there is already a road(old town road) that goes past the parcel (this is the class 4 road).

    the parcel sits at either 12 or 1400 feet(I can't remember off the top of my head but I've got a topo of it.)
     
  11. MorrisonCorner

    MorrisonCorner Mansfield, VT for 200 yrs

    Messages:
    3,736
    Joined:
    Jul 27, 2004
    Location:
    VT
    I have talked with the city clerk and she said the parcel is zoned rural/agricultural. There are no restrictions and the only zoning that I'm aware of is septic(who would I need to ask about this)

    I think this is an issue for the town manager, select board, or a lawyer. PLEASE do not take what the nice clerk says as accurate. We just had a major storm up by my way. Down in the valley is a little house by the creek. Anyone who has been here for more than 5 years or two good storms knows that that creek floods and that little house is under water more often than not. Usually just the basement. Which would explain the unfinished basement when it was sold. New owners went to the town offices and asked about that creek... should they get flood insurance? Well, I don't know who they talked to, but they were told "heck no.. that little creek never floods." They even pulled out the flood maps and, for some unknown reason, that creek isn't on it. So guess who got wiped out? Fortunately for this retired couple they have a large family and a lot of them are in the trades. So they're going to be able to dry out and rebuild. Do NOT trust the nice clerk. Go talk to potential neighbors. Hang out at a coffee shop. And most importantly... track down somebody on the road crew and buy him a cup of coffee.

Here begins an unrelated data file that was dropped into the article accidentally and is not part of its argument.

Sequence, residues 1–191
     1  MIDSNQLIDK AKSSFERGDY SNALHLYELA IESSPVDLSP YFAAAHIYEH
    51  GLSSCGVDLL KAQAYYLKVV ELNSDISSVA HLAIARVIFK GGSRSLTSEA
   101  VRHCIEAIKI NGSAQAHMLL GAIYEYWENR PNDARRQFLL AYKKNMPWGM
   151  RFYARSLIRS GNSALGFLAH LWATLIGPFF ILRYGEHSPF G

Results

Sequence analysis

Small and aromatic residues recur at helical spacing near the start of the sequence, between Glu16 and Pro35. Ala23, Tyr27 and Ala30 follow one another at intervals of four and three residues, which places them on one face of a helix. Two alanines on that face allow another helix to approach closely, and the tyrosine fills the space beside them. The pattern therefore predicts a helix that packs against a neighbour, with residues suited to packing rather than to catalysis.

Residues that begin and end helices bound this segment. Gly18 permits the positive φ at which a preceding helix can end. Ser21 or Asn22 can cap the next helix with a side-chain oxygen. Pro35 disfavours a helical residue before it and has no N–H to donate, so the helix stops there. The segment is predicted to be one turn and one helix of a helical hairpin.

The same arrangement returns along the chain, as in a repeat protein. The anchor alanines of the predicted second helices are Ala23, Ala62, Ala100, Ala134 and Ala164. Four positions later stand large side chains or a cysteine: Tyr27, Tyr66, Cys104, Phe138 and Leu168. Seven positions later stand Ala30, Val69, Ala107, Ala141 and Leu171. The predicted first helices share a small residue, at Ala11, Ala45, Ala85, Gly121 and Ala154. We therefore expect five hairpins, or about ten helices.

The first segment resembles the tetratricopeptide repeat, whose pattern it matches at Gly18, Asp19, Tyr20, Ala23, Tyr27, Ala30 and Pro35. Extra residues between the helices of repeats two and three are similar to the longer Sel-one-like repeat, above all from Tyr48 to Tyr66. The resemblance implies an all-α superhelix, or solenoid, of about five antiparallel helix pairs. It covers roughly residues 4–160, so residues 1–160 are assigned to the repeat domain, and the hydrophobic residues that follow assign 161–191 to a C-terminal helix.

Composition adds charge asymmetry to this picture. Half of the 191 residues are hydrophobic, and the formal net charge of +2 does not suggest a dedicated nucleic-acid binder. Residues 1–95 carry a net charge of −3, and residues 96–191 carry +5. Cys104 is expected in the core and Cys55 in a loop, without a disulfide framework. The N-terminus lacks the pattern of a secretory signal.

there is already a road(old town road) that goes past the parcel (this is the class 4 road).

    Has the road been thrown up? Class 4 generally means unplowed and unmaintained. These roads are often used as snowmobile trails. If you're not a snowmobiler yourself, you really need to think about how happy you'll be to hear the whine of engines past midnight. If you're on a class 4, even if you plow it yourself, it isn't likely they'll lose access to the road even if you petition.

    Class 4 may mean "not maintained at all and don't intend to because it will cost the town too much money." Something you really want to know before the snow flies. We live on a class 3 and that is quite exciting enough, thank you.

    the parcel sits at either 12 or 1400 feet(I can't remember off the top of my head but I've got a topo of it.)

    We're at 2300 I think and we're here... so I think you're ok as far as the height restrictions go, but I'm not sure and I would certainly consult someone who knows not only the current zoning restrictions.. but what is coming on down the pike. In 2001, for example, my town cut off all "ridgeline" development to preserve the views. One or two very wealthy people had built huge mansions which jut out of the mountains like, as one local put it, "puss colored carbunkles." (People were a bit peeved). Overnight great swaths of property which once fell under the 5 acre or 10 acre zoning suddenly became "unbuildable." If you'd been holding 100 acres of prime mountain property planning on building your dream home with 360 degree views... you'd still be able to build on a lot that size, but not at all in the way you'd imagined.

    You'll also want to be aware of our property tax system, and Act 68. If you aren't aware of it, you want to educate yourself about its implications for your property and how you hold your property (either as a homestead or as a second home, the taxes are different). Act 68 drove my taxes up 42% this year, on top of two 25% increases over the previous 2 years, and we're anticipating another increase of between 25-35% next year. I'm almost certain Lowell is not impacted the same way I am.. but you'd sure want to make certain of that! What once was a nice little family hill farm has become a year long slog of paying property taxes just to stay here. Not the average homesteader's longed for experience.

    T